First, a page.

Author(s): Wayne Moore Published on November 1, 2011

Major Event
Historic occurrences and their impact on NFPA 72 

NFPA Journal®, November/December 2011 

Fighting fires in high-rise buildings is difficult, making effective firefighter communications more important than ever.

FROM THE ARCHIVES

September - October 2011
Historic events result in new requirements in NFPA 72®

July - August 2011
Who is responsible for ensuring fire protection systems work as required?

May - June 2011
Learning from an unwanted alarm summit three decades ago

March - April 2011
NFPA 72 is evolving rapidly. Are you keeping up?

January - February 2011
Rethinking the need for intelligibility testing of fire alarm systems

November - December 2010
The shared responsibilities of sprinkler and fire alarm systems

The 2010 edition of NFPA 72®, National Fire Alarm Code®, includes new requirements to help ensure that communications between first responders and the fire command center work when needed. In this context, it is important to note that NFPA 72 discusses how the systems are to be designed and installed but not when.

NFPA codes such as NFPA 1, Fire Code, have criteria in Annex O that also elaborates on the details required for enhanced systems. Due to the critical nature of the two-way radio communications enhancement systems, I encourage you to thoroughly review these requirements in the 2010 edition of NFPA 72. Almost since the day high-rises were first built, the ability of those operating in the structure to communicate reliably with various command centers and command posts has been problematic.

The traditional form of in-building, two-way communications consists of listed, wired, two-way telephone equipment, which NFPA 72 allows building fire wardens to use during emergencies. The code also permits the use of other signaling and communications to report fires and other emergencies, such as voice call box service, signaling, and communications for guard tour services, as long as they do not interfere with firefighter communications.

In buildings with a two-way telephone communications system, the code requires that at least one phone station or jack be provided at each floor, each notification zone, each elevator cab, elevator lobbies and machine rooms, emergency and standby power rooms, fire pump rooms, areas of refuge, each floor level in enclosed exit stairs, and in any other area required by the authority having jurisdiction (AHJ).

When telephone jacks are provided, NFPA 72 requires at least two portable handsets to be stored at the building fire command center. And because these phones must function during a fire, the installing contractor must meet the pathway survivability requirements of Section 24.3.5.7 for all circuits necessary to operate the phones.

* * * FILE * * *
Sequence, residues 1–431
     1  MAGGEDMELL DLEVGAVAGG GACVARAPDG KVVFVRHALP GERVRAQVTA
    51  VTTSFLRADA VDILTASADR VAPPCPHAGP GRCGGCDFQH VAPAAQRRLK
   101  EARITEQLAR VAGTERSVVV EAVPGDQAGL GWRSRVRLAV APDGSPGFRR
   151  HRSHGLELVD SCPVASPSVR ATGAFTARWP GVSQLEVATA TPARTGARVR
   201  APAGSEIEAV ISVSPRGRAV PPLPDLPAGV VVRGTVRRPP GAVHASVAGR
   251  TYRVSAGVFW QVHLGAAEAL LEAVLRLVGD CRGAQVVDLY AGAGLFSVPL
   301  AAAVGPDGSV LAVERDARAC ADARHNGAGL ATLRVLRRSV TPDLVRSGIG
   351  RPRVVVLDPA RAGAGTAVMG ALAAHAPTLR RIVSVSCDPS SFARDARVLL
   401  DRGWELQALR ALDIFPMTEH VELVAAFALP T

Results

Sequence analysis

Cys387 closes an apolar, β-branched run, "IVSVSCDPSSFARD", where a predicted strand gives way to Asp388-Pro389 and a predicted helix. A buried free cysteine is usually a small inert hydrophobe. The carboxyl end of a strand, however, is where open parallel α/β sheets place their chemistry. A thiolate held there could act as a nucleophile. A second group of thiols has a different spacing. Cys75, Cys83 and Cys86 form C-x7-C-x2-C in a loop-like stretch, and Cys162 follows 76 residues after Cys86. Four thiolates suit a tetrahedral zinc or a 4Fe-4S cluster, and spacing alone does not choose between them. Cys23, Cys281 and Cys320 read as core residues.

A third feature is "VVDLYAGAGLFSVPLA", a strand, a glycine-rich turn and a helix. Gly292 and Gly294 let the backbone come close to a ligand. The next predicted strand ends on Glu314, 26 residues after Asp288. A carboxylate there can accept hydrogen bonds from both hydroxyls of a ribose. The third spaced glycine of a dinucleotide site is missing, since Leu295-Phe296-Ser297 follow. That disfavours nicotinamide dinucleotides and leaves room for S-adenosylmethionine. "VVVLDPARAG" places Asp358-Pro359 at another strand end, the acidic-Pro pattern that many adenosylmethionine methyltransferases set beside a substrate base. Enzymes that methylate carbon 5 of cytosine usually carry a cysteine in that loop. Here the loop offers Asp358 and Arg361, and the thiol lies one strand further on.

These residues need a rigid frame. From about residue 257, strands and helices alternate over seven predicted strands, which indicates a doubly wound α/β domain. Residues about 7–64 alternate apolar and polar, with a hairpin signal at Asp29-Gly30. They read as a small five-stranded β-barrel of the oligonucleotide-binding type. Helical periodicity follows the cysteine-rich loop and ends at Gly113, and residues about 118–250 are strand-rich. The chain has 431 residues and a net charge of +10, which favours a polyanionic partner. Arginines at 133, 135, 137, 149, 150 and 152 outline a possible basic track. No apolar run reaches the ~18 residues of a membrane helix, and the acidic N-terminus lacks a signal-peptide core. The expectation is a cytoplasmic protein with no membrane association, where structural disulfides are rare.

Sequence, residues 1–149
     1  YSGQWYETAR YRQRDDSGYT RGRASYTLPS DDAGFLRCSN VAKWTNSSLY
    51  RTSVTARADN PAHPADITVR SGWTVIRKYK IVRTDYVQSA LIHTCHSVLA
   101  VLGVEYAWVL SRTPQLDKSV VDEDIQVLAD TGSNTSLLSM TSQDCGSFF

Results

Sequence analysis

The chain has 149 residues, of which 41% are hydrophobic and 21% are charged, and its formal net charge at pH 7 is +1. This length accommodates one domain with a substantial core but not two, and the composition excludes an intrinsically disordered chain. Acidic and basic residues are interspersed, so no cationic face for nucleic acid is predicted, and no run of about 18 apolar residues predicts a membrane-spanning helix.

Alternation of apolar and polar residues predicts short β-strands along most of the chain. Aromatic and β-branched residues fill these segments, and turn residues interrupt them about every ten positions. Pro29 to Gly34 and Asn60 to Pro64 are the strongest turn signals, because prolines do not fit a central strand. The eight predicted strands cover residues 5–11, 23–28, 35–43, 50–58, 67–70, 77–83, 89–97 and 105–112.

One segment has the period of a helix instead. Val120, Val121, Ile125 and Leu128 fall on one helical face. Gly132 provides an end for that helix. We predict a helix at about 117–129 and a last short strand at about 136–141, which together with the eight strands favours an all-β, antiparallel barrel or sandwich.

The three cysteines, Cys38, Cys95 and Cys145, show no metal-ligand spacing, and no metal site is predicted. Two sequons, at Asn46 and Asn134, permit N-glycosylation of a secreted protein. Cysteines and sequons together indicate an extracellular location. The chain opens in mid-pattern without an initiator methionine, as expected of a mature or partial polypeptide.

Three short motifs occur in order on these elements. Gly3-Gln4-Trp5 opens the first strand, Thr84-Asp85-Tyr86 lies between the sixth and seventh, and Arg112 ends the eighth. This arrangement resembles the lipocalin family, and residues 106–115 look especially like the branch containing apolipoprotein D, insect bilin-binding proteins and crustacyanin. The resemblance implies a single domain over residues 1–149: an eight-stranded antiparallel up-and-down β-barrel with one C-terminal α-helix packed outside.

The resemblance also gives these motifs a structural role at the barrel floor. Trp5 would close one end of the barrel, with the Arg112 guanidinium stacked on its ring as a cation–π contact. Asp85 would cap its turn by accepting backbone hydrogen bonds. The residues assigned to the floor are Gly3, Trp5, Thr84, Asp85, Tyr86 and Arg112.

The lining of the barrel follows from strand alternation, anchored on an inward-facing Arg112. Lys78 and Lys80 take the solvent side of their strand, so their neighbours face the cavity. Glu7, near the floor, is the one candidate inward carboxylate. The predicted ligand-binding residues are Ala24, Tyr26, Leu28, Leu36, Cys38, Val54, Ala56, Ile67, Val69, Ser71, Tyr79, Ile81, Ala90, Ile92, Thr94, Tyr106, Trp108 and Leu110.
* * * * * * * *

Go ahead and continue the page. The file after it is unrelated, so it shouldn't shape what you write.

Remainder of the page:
The code also contains requirements for two-way radio communications enhancement systems that allow firefighters to use hand-held radios in a building to communicate with the command center. These are more flexible than fixed-location phones and may replace wired two-way telephone equipment.

NFPA 72 has specific requirements for these radio enhancement systems, including non-interference requirements from other radio services, as outlined by the FCC. In addition, building owners may not install systems that can operate on, or cause interference on, frequencies assigned by the FCC without the coordination and approval of the AHJ.

A licensed radio technician must design and install these systems, coordinating with the contractor installing the fire alarms, when one of these systems replaces wired two-way emergency telephones. The radio system designer must ensure 99 percent floor area coverage for all critical areas. These areas may include the emergency command center, the fire pump room, exit stairs, exit passageways, elevator lobbies, standpipe cabinet locations, sprinkler sectional valve locations, and other areas the AHJ deems critical. The radio system designer must also ensure 90 percent coverage for all general building floor areas.

The alarm contractor must ensure that the fire alarm system can provide automatic supervision for all faults on the radio communications enhancement system, such as signal booster and associated power supply and antenna malfunctions.

This is a complex, long-term problem with no simple, short-term solution. The code’s goal is to provide reliable firefighter communications in all high-rise buildings, and the new radio enhancement systems would appear to help meet that goal.


Wayne D. Moore, P.E., FSFPE, is a principal with Hughes Associates.

 

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